2015 15" Dell XPS 15 9550 (GTX960M) [6th,4C,H] + GTX 1080 @ 16Gbps-TB3 (Mantiz Venus) + Win10 [XCVG]
I've been putting off posting this for a while, but I'm not sure why because there's not much to say. This setup was anticlimactic in a good way.
The short version:
- Set TB security to SL0 and enable all TB features in the BIOS. I'd already done most of this.
- Install graphics card and plug everything in.
- Boot PC. Wait for Windows to install drivers.
- Install new drivers because Windows installed the old ones. Technically optional.
- Play game.
I've been using a Dell Dock for the past year, and I had quite a bit of trouble with that unit. I was expecting to have even more issues with an unsupported eGPU setup, but to my surprise it worked perfectly right out of the box. I was prepared to reinstall Windows (which I did anyway a few days later) but I didn't have to fiddle with anything at all. I did have my firmware and drivers up to date beforehand because of the aforementioned Dell Dock.
I'll follow up with background, benchmarks, more pictures, and a few notes on cooling shortly.
We'd love to see how you mount the radiator of this GTX 1080 Hybrid. It looks awesome naked! 😀
We'd love to see how you mount the radiator of this GTX 1080 Hybrid. It looks awesome naked! 😀
I wish I could answer that, but if you look closely, it's actually not a hybrid. It's a blower design with a near-identical shroud to the Hybrid and the internals of the Founders' Edition cooler. This card isn't easy to find but it was actually the cheapest option and it works well.
First of all, apologies for the double-post. I had some problems trying to format a reply into the same post body.
As promised, benchmarks! I haven't had the time to do all the formal runs I wanted to do, but I've run a few synthetics and I have quite a bit of qualitative data on the games and apps I use.
Most of the formal benchmarks I ran were synthetics. System configuration is the same for all of them- Dell XPS 15 9550, Mantiz Venus, Thunderbolt 3 at 16gbps, i5-6300HQ and GTX 1080. This laptop has been modified with VRM thermal pads and repasted with Arctic MX-4. I'm running Windows 10 1703, driver version 382.53, and the 960M has not been disabled for this test.
|Fire Strike Ultra||4519||4757|
|Fire Strike Extreme||7619||8975|
All 3DMark tests were run on their default settings, demo disabled. Unigine Heaven was run with the "Extreme" preset and Superposition with the "1080p Extreme" preset.
The only formally benchmarked game is Battlefield 1. I ran tests at 1080p and 2160p (4K). The test was the singleplayer mission "Over The Top", from the beginning to the first capture point. Both tests were run at Ultra, fulscreen, Vsync off, FPS cap 200, memory restriction off.
Unfortunately, I wasn't able to run the battery of comparative tests I wanted to run. One of my friends just built a new PC and we were going to try the 1080 in it, but he got a new job and I got bogged down in projects. I was able to run a few with the 960M and one with the 1080 in my server.
3DMark Time Spy - i5-2500K, GTX 1080, PCIe 2.0 x16 (x8 equivalent) - 5617 overall/7218 graphics
3DMark Time Spy - i5-6300HQ, GTX 960M, PCIe 3.0 x16 - 1330 overall/1219 graphics
3DMark Fire Strike - i5-6300HQ, GTX 960M, PCIe 3.0 x16 - 3900 overall/4345 graphics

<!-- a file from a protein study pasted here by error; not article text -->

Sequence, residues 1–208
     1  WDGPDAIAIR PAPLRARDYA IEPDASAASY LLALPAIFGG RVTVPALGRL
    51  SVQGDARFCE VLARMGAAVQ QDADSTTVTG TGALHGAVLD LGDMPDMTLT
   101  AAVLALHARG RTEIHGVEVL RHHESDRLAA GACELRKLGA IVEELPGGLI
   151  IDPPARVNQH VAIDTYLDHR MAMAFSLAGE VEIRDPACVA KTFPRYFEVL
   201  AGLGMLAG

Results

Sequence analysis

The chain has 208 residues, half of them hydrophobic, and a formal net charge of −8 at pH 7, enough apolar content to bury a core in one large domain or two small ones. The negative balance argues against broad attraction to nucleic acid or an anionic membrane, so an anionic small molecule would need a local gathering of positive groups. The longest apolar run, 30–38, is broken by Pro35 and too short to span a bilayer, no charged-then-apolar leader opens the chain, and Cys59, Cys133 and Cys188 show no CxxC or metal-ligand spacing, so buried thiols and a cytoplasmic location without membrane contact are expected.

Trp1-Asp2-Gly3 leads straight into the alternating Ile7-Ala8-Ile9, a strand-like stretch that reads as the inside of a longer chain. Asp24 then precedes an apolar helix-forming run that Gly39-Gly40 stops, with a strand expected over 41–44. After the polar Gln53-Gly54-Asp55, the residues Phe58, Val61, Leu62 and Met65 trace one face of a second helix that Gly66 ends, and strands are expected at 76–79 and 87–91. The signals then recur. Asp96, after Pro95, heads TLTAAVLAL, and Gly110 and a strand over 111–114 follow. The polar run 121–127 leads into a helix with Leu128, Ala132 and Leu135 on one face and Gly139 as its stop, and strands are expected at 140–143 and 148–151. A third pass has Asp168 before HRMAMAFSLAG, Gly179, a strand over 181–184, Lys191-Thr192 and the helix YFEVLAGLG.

I've been using this setup for over a month now in various use cases. It's my primary PC and I use it for everything- in fact I'm writing this up on it right now. I have been playing a few games, just not benchmarking, and I guess that speaks for itself that it works well enough that I don't feel the need to examine and tweak it in depth. I'm able to play the latest games at high quality, and I've been spending more time than I'd like to admit doing just that.
Windows Desktop: I noticed right away that Windows is noticably smoother with the eGPU. The Intel HD 530 iGPU really struggles to composite and render at 4K.
Adobe Photoshop: Photoshop hasn't been running great, but I'm not sure if this is because of the eGPU or because I updated to the 2017 version after reinstalling Windows.
Adobe Premiere Pro: It seems to work okay for the little I use it, but doesn't recognize the 1080 as a CUDA device unless the 960M is disabled. Which is irritating, but it works fine in OpenCL mode and disabling the 960M is trivial anyway.
The Elder Scrolls V Skyrim: It's Skyrim. I could do 1080p60 Ultra on the 960M easily. 4K60 Ultra is no sweat at all for the external 1080.
Battlefield 1: Despite the GTX 1080 theoretically being a fully 4K-capable card in this game, I haven't been able to get more than about 40FPS on either High or Ultra. From what I've read, Battlefield 1 is CPU-bound (several commenters recommend i7s!), and the i5-6300HQ is faster than a ULV but still quite a bit slower than a top desktop part. Performance seems to be worse in multiplayer than singleplayer, and reducing resolution scale to 75% (1440p-ish) gives a subjectively better experience that looks almost as good and runs a lot smoother.
Mass Effect Andromeda: According to most sources, this game runs significantly worse than Battlefield 1 (both use the EA DICE Frostbite engine). I can get about 40FPS at 4K after a bit of tweaking, putting the settings between High and Ultra. To me this suggest again that BF1 is CPU-bound. Unlike BF1, Andromeda has no ability to limit framerate, and doing it with Nvidia Inspector resulted in massive framerate drops. With framerate uncapped, they still happen occasionally but are nowhere near as bad, and it's a generally enjoyable (and quite beautiful!) experience.
The Witcher 3 Wild Hunt: I actually didn't benchmark this game until today, but it runs very well at 4K30 Ultra (HairWorks off). There are occasional frame dips and a bit of pop-in, but you hardly notice it and it's a very good experience overall. I uncapped the framerate and ran from the White Orchard village to the Nilfgaardian Garrison, getting an average of 34FPS. 4K60 Ultra isn't really doable on a GTX 1080, period, so I normally play this game capped at 30FPS.